With college behind her, Kelsey Flanigan was ready to take the world by storm. The slim, strikingly attractive 23-year-old had graduated from Rutgers in 2013, where she majored in journalism, sang a capella, and was a member of a student sketch comedy club. She loved films and writing. Her plan was to head to Los Angeles and get a job in filmmaking, or maybe become a writer for “Saturday Night Live.” Perhaps she’d try acting or stand-up comedy. No dream was too big.
But in early 2014, Flanigan had to put her dreams on hold. This young woman who’d never been sick a day in her life, who exercised, kickboxed, practiced yoga, and ate a vegan diet to stay healthy, was diagnosed with a brain tumor: a grade III astrocytoma. This rare tumor involves astrocytes—star-shaped cells with ‘arms’ that penetrate into many areas of the brain. In the world of brain tumors, all are worrisome; it’s just a matter of degree. An astrocytoma is a serious and insidious tumor that requires aggressive therapy.
She underwent treatment at Rutgers Cancer Institute of New Jersey and at Robert Wood Johnson University Hospital (RWJ), the flagship hospital for the Cancer Institute. It included removal of the tumor by neurosurgeon Shabbar Danish, MD. It was a grueling process, though you’d never guess it by looking at her now. Flanigan says she’s in “recovery mode.” Only instead of polishing her comedy routine or loading her car for the trip to California, she’s having chemotherapy to maintain her current state of health, which she describes as “stable.”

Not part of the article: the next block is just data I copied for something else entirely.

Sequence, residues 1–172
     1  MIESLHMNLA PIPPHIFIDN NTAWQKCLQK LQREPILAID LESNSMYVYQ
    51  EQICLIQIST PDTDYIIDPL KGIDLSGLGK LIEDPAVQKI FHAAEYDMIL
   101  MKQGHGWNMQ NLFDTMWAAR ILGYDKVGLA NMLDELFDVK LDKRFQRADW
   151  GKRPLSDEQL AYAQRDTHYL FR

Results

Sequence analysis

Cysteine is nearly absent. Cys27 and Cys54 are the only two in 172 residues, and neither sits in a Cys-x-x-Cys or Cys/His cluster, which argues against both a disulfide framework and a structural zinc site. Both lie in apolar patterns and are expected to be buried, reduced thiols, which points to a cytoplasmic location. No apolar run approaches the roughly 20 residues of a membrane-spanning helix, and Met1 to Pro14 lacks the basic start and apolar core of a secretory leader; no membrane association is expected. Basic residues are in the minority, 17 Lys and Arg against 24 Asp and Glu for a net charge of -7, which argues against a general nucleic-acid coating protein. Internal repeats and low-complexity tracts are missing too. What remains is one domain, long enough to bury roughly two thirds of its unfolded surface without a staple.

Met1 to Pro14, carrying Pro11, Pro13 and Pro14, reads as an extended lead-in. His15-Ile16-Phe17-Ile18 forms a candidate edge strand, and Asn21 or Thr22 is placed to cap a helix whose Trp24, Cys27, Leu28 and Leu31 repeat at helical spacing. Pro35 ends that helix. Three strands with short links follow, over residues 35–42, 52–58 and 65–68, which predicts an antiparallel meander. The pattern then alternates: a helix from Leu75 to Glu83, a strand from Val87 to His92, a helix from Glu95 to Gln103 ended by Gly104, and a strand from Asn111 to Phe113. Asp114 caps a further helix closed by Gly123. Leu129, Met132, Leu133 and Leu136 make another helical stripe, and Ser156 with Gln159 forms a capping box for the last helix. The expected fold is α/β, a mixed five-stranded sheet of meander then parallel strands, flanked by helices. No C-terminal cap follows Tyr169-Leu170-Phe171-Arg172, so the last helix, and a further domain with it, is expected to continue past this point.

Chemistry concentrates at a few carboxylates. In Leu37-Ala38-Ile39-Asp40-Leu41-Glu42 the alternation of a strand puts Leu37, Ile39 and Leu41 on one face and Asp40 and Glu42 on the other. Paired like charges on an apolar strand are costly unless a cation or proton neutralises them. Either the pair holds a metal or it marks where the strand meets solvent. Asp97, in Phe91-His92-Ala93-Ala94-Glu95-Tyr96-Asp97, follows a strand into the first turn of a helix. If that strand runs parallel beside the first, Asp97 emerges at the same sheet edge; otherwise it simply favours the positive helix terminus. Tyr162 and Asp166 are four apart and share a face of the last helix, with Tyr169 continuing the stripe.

Flanigan knows an astrocytoma is nothing to take lightly. In the fight of her young life, she is working hard to keep negative thoughts at bay. “On my worst days I’ve felt an inner strength pushing me,” she says. “It’s a strength I’ll try to never let go of.”
Out of the Blue
Her ordeal began in the fall of 2013. She was getting ready to begin her job search in earnest, but wanted to do some traveling first. In late November she and a friend went to Thailand, a country she had always wanted to visit. Staying in hostels, they island-hopped by boat, visiting some of the world’s most beautiful beaches.
Two days before they were to return home, the young women boarded a boat for a final island trip. Suddenly, Flanigan slumped to the deck. She awakened a few minutes later, bruised and bloody, with a swollen tongue. Her friend stood worriedly over her. “You had a seizure,” she said.